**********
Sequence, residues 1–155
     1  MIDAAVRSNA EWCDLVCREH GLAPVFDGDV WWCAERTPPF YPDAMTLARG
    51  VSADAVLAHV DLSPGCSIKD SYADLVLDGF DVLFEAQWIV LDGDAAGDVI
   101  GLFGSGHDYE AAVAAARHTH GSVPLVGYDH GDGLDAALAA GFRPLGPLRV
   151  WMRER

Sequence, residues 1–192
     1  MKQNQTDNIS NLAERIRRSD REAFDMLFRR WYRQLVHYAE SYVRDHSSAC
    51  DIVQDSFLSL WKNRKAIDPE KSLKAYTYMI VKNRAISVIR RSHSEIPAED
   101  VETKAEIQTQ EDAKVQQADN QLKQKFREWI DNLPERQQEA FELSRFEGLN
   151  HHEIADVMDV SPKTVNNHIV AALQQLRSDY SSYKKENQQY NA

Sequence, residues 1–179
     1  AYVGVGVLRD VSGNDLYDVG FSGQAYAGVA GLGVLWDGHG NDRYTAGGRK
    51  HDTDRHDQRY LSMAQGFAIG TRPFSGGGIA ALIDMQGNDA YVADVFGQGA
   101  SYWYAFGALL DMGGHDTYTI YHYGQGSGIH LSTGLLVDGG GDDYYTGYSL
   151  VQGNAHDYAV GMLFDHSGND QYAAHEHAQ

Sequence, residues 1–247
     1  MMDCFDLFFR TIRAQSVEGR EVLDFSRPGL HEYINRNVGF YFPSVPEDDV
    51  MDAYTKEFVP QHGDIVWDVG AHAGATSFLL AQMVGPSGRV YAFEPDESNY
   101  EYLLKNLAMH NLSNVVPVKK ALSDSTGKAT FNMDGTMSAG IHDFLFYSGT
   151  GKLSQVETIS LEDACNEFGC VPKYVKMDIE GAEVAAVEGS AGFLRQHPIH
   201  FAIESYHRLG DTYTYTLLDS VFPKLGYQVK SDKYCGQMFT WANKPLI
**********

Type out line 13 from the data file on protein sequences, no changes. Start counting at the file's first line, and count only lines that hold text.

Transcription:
    51  HDTDRHDQRY LSMAQGFAIG TRPFSGGGIA ALIDMQGNDA YVADVFGQGA